Wednesday, May 09, 2001

Ranking motherhood

Hate to break it to you competitive types out there, but the U.S. is no longer among the Top 10 places to be a mother.

Now, considering the number of Hallmark stores per square mile, the frequency of florist commercials, and the constant flow of “I Love Mom” art projects that come home from my kids’ school on Mother’s Day and Valentine’s Day and any old day at all, you would think that this was a pretty darn fine country for mothers. But Save the Children would beg to differ. The foundation’s latest “Mother’s Index” ranks the U.S. as an also-ran 11, behind Sweden, Norway, Denmark, Finland, Netherlands, Switzerland, Canada, Austria, Australia and the United Kingdom but above 83 others, including bottom-dwellers Benin, Central African Republic, Mauritania, Burundi, Gambia, Yemen, Mali, Ethiopia, Burkina Faso and, last and least, Guinea Bissau.

Clearly, the foundation is not making these assessments on the prevalance of lovely floral arrangements and handprint art. Their interest is health, and their ratings, according to an Intelihealth report, are based on “a mother's access to health care, use of contraception and family planning, literacy rate, and participation in government.” Which makes me wonder: Wouldn’t use of contraception and family planning lead to fewer mothers? Maybe happier ones, too, but still, it seems like a technicality.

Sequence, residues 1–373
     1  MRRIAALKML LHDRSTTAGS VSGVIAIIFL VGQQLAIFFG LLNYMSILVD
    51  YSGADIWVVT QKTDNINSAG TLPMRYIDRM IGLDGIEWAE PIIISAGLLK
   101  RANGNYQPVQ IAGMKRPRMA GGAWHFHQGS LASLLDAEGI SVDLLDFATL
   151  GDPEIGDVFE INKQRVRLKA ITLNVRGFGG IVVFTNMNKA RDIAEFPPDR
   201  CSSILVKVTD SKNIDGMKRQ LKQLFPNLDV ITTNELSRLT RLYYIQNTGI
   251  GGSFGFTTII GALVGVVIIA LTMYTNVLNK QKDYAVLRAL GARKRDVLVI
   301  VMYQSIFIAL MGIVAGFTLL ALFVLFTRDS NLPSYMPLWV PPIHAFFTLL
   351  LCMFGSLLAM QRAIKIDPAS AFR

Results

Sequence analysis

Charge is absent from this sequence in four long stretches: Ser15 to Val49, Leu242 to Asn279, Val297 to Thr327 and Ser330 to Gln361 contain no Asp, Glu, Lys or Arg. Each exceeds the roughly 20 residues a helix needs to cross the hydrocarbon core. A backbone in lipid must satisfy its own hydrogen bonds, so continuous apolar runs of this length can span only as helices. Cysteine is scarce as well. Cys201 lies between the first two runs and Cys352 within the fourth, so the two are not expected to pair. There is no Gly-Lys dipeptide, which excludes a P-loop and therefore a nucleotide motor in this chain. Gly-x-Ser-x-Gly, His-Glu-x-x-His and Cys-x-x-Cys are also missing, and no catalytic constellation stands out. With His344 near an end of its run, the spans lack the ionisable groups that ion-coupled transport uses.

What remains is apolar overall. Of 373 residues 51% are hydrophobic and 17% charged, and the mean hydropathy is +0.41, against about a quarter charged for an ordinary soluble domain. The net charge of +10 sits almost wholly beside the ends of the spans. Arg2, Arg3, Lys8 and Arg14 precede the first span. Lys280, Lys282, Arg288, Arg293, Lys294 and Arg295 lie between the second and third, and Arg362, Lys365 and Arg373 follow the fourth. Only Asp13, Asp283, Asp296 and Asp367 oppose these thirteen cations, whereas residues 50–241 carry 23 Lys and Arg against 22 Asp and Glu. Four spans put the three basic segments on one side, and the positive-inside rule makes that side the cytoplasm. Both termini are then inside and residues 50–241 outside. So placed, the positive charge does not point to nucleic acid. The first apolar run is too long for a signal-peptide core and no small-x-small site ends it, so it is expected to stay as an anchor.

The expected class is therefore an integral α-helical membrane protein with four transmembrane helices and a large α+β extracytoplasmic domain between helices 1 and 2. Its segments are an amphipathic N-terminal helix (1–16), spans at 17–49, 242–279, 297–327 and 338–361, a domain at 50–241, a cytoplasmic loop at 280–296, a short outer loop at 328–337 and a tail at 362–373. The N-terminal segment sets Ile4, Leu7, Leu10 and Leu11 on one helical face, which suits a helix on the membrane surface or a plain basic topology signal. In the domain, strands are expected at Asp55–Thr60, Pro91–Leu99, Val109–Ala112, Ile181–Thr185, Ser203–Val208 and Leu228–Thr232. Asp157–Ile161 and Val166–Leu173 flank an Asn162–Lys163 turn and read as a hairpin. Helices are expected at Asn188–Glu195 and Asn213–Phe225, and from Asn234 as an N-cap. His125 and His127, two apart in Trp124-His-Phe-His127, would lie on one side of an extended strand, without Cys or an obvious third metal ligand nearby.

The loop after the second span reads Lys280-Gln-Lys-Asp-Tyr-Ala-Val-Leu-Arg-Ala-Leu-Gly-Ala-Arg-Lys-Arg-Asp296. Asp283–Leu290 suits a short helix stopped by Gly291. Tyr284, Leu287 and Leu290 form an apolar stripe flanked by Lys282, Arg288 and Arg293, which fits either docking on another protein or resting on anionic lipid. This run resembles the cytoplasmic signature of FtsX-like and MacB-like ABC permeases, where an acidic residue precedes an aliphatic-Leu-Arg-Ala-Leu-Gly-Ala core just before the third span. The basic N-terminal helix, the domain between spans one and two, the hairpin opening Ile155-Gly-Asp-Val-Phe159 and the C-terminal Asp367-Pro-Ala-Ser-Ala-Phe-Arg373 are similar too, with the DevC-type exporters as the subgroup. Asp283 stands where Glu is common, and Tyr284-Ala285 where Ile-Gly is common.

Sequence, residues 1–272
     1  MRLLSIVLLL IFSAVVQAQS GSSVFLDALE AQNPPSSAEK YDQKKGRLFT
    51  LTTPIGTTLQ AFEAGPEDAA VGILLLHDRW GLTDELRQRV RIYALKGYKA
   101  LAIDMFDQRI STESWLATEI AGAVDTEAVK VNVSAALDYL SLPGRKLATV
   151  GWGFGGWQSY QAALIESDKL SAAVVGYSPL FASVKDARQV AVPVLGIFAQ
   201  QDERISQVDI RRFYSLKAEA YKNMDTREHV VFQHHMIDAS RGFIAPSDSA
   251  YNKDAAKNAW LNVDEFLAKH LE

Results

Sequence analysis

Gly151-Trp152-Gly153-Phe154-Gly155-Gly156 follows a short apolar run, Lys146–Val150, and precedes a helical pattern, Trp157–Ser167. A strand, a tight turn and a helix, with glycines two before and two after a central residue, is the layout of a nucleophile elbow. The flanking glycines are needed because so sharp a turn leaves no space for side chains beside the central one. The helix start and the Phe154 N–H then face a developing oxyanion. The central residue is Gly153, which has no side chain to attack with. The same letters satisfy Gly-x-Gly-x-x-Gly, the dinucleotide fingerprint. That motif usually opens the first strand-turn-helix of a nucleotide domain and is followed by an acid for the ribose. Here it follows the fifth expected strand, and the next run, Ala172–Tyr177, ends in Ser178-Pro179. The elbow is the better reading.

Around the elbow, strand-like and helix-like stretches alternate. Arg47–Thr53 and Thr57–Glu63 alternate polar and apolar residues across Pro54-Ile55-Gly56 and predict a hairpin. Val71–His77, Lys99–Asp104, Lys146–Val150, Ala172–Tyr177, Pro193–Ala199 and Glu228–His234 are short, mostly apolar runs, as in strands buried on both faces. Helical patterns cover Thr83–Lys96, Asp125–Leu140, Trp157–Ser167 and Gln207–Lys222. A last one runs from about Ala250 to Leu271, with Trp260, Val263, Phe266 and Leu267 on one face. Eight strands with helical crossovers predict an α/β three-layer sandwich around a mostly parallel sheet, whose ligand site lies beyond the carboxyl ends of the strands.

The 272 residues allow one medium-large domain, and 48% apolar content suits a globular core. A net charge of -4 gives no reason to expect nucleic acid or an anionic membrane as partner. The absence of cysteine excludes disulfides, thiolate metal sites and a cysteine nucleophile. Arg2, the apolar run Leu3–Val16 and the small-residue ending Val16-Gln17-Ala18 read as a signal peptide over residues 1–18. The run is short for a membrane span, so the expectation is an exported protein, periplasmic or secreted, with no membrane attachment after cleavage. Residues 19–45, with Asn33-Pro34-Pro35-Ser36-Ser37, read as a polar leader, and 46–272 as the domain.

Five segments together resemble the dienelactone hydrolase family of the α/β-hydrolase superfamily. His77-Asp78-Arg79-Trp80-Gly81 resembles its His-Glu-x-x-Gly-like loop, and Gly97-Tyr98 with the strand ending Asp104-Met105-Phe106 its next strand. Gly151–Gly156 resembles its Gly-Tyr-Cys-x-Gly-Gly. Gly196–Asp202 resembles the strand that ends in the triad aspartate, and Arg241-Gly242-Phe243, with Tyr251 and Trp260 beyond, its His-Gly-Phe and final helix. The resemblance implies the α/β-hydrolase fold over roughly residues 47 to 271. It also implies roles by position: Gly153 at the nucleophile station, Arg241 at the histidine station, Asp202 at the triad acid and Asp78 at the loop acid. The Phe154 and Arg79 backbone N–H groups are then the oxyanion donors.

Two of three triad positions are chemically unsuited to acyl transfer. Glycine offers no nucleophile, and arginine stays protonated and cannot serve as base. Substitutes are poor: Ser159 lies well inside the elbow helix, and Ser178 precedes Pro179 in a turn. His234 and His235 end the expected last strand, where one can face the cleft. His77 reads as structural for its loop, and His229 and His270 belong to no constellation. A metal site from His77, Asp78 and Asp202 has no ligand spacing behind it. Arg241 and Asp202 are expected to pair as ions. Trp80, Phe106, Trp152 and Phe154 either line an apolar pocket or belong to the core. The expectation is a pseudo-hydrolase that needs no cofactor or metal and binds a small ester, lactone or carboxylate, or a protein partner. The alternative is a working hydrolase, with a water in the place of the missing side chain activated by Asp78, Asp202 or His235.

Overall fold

The U.S. loses rank because, although its health care abilities are state of the art, good health care is inequitably distributed. That, I can’t argue with. It’s inequitably distributed along racial lines, as the foundation notes, but also geographically and among different abilities. Parents who may have been pleased with the health care their normally developing children received may find themselves battling and struggling and drowning in paperwork when trying to get appropriate services and coverage and even respectful attention for a child with special needs.

America sinks even lower on the “Girl’s Index,” largely because of the large number of teen pregnancies. That number is less large than it used to be, but apparently large enough to sink us to 22 out of 140 nations, on a par with Greece and Hungary. I guess the rationale that motherhood is so wonderful here that even the very young want to try it doesn’t hold much water with the Save the Children folks.

My daughter would no doubt agree that being a girl in the U.S. is not such a great thing, but her criteria would be: 1) We won’t let her drive at age 11; 2) We won’t let her have a dog, but we make her have a younger brother; and 3) We won’t get her a wheeled backpack even though EVERYONE ELSE at her school has one. I believe in her “Girl’s Index,” our household would rank dead last, way behind all those households where the mothers let the daughters do whatever they want.

I don’t know what those moms are thinking of, but they’re sure dragging down my personal “Mother’s Index.” Maybe we should move to Sweden. Do they have wheeled backpacks there?

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